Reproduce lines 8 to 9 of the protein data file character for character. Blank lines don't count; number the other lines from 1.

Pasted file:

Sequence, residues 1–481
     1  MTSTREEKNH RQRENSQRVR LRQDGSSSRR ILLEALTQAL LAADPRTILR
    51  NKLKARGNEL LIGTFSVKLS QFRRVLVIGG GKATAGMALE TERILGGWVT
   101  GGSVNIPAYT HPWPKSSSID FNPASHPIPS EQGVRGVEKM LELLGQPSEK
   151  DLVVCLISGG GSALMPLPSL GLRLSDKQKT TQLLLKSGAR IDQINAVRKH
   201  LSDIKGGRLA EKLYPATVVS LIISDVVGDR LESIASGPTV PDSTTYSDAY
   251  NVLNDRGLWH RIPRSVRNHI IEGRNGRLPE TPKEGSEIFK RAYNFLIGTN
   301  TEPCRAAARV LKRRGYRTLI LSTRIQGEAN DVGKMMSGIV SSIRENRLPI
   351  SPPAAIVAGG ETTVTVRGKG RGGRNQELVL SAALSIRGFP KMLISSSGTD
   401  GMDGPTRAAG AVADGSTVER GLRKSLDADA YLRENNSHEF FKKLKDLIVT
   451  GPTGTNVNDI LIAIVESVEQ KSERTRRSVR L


   301  TEPCRAAARV LKRRGYRTLI LSTRIQGEAN DVGKMMSGIV SSIRENRLPI
   351  SPPAAIVAGG ETTVTVRGKG RGGRNQELVL SAALSIRGFP KMLISSSGTD